Saturday, January 18, 2014

A Spook on Obama's Privacy Speech

When the spooks cheer Obama, you know there is trouble.

John R. Schindler is professor of national security affairs at the U.S. Naval War College, where he teaches courses on security, strategy, intelligence and, terrorism.. Before joining the NWC faculty, he spent nearly a decade with the National Security Agency as an intelligence analyst and counterintelligence officer. He writes:
[Y]esterday President Obama ended the political debate about the Snowden Operation with his much-anticipated speech about NSA and reform, based on the recommendations of his own panel. As my colleague Tom Nichols and I have long predicted, the reform package Obama has delivered is a stinging defeat for the NSA haters. Yes, it will be more difficult for NSA analysts to access metadata, but access it they will. Yes, NSA collection against top foreign leaders will be restricted, somewhat, but Agency support to U.S. and Allied diplomacy will continue. The bottom line is that President Obama’s reforms contain no significant changes to how NSA does business as the leading foreign intelligence agency in the United States and the free world.
These reforms go some distance to protect the privacy of U.S. citizens better, which I’ve wanted for a long time anyway, but even the changes to metadata holdings have been kicked by Obama to Congress for resolution, which will be difficult, since telecom companies understandably have little interest in involving themselves further in what’s become a touchy mess. In all, Obama – many of whose national security policies of late I’ve been critical of – performed masterfully yesterday, delivering a near pitch-perfect speech and resetting the agenda on intelligence matters.


  1. Destroying privacy and securing communications at the same time are logically incompatible goals in the long term, unless you want to create a two-tier master slave system where the slaves are not allowed access to security technologies. The National Security Agency's goal is to destroy privacy and hence to destroy secure communications. The cost imposed by this pervasive insecurity of US communications infrastructure is immense and the US economy will pay the price.

    NSA is getting careless and is releasing exploits into the wild willy-nilly. Their policy is "security by obscurity" or "security by widespread insertion of known secret vulnerabilities". It's not a practical strategy, particularly against a determined attacker with access to practically unlimited govt-level funding. Heck, it did not even work against a single Edward Snowden. Keeping secrets is not easy - just don't leave known bugs unfixed.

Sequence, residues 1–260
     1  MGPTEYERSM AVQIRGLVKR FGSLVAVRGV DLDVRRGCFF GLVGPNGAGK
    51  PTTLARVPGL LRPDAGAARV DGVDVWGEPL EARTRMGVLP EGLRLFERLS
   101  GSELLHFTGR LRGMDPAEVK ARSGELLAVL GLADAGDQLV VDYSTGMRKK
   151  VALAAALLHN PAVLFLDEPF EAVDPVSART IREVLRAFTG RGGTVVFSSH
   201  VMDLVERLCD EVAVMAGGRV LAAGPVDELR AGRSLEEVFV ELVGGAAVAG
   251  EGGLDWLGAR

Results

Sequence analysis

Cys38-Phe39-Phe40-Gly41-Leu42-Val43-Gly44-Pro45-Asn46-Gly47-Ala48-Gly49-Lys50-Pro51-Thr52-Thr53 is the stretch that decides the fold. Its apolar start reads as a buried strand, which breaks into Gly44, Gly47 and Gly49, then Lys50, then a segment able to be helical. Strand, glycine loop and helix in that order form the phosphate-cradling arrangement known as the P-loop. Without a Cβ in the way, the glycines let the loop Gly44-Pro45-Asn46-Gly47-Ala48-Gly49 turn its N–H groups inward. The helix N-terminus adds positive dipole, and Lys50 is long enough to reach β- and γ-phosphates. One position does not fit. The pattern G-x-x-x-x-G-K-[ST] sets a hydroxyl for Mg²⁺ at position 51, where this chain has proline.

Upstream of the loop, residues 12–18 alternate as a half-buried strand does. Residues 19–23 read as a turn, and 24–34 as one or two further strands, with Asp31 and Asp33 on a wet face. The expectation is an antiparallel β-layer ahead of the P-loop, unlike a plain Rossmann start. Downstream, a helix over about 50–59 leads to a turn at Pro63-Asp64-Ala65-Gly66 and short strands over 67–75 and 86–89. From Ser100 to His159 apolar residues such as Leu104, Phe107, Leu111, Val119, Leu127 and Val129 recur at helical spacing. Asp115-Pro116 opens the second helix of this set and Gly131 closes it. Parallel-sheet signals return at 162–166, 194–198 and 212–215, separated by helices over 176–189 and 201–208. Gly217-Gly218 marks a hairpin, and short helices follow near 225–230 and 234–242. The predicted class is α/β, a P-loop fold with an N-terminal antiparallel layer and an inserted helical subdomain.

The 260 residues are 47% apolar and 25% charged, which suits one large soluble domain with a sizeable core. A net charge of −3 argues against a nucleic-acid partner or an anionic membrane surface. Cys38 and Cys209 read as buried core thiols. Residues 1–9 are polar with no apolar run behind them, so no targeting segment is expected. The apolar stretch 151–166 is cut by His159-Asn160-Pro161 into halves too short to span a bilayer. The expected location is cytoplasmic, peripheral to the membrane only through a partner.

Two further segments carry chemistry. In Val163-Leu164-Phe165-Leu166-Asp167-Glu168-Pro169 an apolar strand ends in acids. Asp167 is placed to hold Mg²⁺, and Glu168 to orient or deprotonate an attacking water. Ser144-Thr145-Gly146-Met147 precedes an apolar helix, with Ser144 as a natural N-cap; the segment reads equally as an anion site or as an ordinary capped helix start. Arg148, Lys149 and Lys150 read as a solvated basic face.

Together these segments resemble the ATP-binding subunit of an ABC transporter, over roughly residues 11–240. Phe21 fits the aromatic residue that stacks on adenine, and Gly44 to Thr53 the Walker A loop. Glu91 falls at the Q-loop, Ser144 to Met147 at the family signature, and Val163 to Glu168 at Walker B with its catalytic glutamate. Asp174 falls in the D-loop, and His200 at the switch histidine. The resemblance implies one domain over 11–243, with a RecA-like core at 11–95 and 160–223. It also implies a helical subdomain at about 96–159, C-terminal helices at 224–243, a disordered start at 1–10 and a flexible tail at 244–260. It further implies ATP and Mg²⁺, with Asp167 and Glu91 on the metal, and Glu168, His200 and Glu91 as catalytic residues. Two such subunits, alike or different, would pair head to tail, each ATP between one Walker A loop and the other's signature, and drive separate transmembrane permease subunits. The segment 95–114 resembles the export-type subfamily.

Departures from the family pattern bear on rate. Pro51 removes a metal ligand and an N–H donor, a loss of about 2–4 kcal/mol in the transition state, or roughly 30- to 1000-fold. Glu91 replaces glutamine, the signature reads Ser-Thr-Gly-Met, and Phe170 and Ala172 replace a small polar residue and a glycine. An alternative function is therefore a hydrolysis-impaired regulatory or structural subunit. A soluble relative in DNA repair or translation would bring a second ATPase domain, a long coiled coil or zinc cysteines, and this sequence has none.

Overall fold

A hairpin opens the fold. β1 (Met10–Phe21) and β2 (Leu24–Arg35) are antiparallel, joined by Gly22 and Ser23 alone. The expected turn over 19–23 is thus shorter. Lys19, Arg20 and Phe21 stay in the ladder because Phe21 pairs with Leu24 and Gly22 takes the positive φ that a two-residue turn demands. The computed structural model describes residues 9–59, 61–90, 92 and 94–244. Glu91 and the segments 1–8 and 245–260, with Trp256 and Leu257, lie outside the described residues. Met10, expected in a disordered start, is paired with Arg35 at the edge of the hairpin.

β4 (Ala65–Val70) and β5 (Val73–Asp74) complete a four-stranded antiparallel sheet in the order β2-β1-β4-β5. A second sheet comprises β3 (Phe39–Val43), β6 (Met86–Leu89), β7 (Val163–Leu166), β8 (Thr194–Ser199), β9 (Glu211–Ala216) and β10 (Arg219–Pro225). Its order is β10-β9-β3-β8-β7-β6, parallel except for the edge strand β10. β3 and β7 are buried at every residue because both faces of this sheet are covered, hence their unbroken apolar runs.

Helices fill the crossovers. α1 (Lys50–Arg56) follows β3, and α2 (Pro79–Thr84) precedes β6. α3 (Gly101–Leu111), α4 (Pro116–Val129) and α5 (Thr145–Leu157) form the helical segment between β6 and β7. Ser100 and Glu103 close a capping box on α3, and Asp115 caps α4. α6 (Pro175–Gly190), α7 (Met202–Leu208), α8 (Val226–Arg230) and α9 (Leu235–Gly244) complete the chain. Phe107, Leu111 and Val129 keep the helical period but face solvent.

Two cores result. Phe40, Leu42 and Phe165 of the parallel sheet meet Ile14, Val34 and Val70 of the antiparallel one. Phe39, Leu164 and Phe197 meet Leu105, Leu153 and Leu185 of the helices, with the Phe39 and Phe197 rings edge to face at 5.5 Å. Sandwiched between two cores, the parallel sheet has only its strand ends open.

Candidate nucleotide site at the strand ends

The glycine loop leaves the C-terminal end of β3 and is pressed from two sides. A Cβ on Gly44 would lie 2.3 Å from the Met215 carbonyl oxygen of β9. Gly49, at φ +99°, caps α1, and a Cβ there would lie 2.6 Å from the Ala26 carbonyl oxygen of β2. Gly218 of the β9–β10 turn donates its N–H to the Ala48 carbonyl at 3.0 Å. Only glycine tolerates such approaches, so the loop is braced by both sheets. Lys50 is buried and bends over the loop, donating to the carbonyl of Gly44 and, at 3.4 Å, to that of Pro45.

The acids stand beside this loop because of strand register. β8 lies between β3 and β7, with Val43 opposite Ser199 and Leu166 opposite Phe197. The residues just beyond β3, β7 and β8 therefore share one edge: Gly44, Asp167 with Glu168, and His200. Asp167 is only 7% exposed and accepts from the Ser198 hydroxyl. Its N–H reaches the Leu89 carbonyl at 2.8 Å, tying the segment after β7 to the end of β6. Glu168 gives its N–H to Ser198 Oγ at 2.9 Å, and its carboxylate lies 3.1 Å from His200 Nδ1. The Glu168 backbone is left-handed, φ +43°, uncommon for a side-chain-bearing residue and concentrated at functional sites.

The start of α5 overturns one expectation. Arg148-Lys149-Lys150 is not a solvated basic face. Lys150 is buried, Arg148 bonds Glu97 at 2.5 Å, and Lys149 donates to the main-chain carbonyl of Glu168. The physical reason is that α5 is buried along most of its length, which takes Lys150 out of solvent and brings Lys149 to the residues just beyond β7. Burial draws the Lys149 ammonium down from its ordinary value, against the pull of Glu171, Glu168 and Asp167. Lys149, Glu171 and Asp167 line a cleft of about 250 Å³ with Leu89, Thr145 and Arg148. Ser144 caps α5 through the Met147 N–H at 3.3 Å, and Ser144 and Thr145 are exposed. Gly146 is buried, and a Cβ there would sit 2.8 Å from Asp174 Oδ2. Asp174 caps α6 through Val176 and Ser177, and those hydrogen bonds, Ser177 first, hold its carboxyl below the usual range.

It's shocking and shameful that companies like Google, Apple, Microsoft, Cisco, ATT and others are cooperating with NSA. It's shameful. One can only imagine how proactive these companies are about fixing bugs in their products - they don't seem to care one bit.

    Seeing the behavior of these criminal governments and their henchmen, I am tending to appreciate more and more what the IP crazies like Richard Stallman at MIT were whining about - at least they had a logically sound approach to security of software - by avoiding the obscurity and secrecy crutches. Stallman really was onto something when he was concerned about how software can be used to enslave humans. Stallman was not wrong to be a Luddite by default. One has to weigh the costs and benefits of closed-source systems very carefully, especially when your adversary has access to infinite capital and the force of government behind it.

  2. I'm not really concerned about the police state. I just hate my parents. Freedom hater John R. Schindler: "There is now a considerable cadre of Americans, an odd alliance of leftist bitter-enders, libertarian Randians, and battalions of dudebros who thrive on snark and hating their parents, that is convinced that NSA is the source of all their problems."

    1. Evil M07h3rf*ck3rs like Schindler would have been excellent as a Stasi agent. Hell is too good for bastards like him and his ilk.

  3. I finally get it. Opposing the NSA's unconstitutional police state spying means you are simultaneously

    a racist,


    a neo-confederate,

    a leftist bitter-ender,

    a libertarian Randian,

    and a dudebro (WTF is that?)

    who hates his parents.

    1. Hey, don't worry.

      Once we know exactly what you are thinking, what your hot-button issues are, who you plan on voting for, how you make your money, and who/where you get your information from, we have ways of programming your mind and brain to make you more compliant with reality.

      For example, we have advanced research programs underway (funded with your money) to build botnets and social networks to drive the narrative and to make up your mind for you. Here, take a look at this partial sneak preview of what awaits in the future ... of Science! ...

      We have already completed phase 1 of our plan, which is the data collection phase - it's kind of an inside joke that this is meant to protect you from the terrorists, you know! wink, wink;) The data analysis phase is well underway and mostly operational. Once we have phase 2 fully operational, you will no longer need to hate your parents.

      It's all for your own good. Welcome aboard!

      Wishing you peace and bliss,
      Yours in eternal servitude,
      Dear Leader
      c/o The Nudge.Crew @ Harvard

    2. By dudebro, I believe he was referring to this guy, el dude-orino:

  4. Wenzel- where do you find this stuff, I mean “XXcommittee” blog? I hope this guy isn’t one of your “friends and neighbors” or mine for that matter. He sounds like he’s a real drag at parties. Probably sees terrorists under his bed at night. Anyway, I prefer the term “libertarian Ron Paulians.”